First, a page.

Nearly 1.4 million registered nurses could leave nursing or retire now that the economy is booming, according to a new survey conducted by the ASRN. That, along with 500,000 more RNs needed to serve the aging population, brings the total shortfall to 1.9 million registered nurses by 2022.
On one hand, things are looking pretty dandy for nursing in the United States: the Bureau of Labor Statistics projected a 15 percent growth in employment for registered nurses from 2016–2022. Compare that to an 7 percent average growth rate for all occupations. That's a reason to celebrate.
Kelsey Bourgeois was shocked to discover that not every nurse is trained to provide care for victims of sexual assault in her home state of Illinois.
Results of a survey of more than 6,100 registered nurses across the US in September, show that nurses who work longer shifts and more overtime are more likely to rate the standard of care delivered on their ward as poor, give a negative rating of their hospitals safety and omit necessary patient care.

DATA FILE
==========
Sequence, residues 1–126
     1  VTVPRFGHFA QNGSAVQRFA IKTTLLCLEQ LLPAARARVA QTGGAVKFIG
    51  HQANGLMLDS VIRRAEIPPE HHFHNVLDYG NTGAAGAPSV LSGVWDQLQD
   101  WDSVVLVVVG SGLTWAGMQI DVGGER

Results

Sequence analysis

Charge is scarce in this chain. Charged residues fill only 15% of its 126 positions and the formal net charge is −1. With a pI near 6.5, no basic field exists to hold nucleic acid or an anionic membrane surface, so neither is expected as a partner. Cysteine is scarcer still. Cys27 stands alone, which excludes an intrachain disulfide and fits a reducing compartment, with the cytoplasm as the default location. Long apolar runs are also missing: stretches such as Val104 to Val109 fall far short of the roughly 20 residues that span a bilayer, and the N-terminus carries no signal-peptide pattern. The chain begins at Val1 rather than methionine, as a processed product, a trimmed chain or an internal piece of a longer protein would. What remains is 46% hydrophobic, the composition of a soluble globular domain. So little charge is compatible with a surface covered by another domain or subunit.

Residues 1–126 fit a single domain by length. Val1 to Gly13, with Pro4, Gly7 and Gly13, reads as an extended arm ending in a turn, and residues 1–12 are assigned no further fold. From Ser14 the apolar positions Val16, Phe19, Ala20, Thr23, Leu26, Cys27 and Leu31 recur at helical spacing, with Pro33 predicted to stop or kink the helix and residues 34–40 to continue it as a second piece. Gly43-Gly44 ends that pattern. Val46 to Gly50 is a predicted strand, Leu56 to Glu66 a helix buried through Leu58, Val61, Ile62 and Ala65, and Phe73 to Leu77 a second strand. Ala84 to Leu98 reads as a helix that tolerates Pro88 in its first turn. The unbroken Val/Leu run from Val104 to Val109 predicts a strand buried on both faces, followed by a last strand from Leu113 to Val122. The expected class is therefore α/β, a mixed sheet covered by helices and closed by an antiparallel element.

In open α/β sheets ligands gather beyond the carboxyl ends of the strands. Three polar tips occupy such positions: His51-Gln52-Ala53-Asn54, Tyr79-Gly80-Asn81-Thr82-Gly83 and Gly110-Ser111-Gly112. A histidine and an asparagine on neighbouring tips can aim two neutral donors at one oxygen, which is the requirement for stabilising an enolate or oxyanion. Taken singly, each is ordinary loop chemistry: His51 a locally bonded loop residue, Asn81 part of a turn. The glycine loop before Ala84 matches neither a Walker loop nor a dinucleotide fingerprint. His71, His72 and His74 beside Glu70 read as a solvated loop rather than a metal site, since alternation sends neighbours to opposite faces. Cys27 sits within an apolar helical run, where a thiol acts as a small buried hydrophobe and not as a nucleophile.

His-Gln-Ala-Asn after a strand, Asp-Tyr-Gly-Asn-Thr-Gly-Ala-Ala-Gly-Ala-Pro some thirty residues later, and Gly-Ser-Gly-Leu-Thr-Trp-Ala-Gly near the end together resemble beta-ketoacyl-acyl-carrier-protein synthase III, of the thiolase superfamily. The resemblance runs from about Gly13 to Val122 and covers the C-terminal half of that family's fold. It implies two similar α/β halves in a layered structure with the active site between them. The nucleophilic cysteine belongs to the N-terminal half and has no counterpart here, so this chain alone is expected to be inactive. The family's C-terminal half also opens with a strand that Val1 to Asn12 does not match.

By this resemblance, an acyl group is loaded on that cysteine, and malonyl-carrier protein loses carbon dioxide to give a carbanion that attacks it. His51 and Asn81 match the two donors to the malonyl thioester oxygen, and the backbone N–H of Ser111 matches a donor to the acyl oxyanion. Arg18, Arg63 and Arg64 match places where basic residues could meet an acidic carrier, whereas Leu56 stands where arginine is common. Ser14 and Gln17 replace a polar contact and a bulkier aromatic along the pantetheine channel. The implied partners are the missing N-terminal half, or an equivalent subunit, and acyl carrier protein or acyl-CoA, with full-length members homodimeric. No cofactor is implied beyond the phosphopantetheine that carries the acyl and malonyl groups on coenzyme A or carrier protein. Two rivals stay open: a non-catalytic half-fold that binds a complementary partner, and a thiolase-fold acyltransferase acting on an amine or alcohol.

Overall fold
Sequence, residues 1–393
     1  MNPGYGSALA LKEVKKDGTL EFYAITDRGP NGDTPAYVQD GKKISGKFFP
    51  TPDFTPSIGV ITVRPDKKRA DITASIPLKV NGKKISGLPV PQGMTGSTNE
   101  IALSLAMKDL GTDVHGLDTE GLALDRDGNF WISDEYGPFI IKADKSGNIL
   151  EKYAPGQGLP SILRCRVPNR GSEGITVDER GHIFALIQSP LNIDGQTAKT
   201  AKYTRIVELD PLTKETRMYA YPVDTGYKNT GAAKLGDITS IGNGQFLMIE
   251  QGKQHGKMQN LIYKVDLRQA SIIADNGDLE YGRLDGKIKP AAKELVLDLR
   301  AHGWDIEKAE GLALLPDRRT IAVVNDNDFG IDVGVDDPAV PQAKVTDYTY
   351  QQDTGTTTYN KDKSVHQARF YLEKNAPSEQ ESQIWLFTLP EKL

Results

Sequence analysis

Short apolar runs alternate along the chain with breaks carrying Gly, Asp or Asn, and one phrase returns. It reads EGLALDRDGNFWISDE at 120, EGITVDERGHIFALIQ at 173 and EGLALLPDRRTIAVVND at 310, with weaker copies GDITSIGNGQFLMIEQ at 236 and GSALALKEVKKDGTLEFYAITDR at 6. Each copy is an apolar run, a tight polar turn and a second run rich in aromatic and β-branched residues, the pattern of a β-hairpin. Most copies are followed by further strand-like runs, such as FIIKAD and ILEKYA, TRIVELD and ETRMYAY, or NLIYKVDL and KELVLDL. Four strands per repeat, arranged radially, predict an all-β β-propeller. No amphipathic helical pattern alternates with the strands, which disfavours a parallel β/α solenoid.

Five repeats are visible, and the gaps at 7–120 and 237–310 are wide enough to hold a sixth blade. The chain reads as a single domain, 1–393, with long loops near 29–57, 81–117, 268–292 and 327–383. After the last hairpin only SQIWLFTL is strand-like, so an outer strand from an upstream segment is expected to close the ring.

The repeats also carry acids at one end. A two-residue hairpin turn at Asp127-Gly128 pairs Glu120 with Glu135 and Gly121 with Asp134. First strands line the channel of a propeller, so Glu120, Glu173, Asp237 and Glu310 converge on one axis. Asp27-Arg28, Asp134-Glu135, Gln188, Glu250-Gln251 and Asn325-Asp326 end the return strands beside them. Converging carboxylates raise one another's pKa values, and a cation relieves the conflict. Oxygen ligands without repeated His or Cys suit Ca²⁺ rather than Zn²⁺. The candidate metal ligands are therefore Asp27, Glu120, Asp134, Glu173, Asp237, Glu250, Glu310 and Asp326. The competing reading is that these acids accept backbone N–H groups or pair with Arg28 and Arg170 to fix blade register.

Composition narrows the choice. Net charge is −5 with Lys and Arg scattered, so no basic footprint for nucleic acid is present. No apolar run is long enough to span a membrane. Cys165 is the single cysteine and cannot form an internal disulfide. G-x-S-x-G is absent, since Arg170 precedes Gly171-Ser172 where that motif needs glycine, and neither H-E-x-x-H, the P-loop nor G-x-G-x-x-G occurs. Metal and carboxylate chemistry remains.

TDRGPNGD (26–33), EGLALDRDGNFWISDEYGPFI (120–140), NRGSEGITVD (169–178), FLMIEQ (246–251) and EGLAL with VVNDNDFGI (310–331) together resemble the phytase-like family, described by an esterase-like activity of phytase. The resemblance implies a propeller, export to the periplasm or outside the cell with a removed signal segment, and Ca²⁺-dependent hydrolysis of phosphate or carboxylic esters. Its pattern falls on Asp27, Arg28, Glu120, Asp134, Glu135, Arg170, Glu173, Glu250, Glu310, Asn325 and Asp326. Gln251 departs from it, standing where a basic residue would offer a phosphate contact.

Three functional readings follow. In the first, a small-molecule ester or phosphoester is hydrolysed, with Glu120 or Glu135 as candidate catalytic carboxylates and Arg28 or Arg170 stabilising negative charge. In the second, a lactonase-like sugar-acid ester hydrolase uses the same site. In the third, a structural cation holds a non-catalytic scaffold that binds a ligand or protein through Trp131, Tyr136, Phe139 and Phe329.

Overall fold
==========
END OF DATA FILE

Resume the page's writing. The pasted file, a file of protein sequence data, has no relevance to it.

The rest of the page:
Today's student Nurse Practitioners are getting prepared to take over for doctors, something they've never done before.
I grew up with a mother who was a Registered Nurse (RN). I recall being a curious adolescent and asking my mom why nurses always seemed so anxious and unhappy? Without hesitation she flatly stated, “Because we have to work with doctors.” She seemed to reflect and then sadly she said, “And we don’t treat each other very well.”
Research has demonstrated that the nurse practitioner's expanded role has resulted in comparable and sometimes better patient outcomes than those of physicians. States with full practice authority have a statistically significant higher percentage of women than those with restricted practice.
In This Issue
Liz Di Bernardo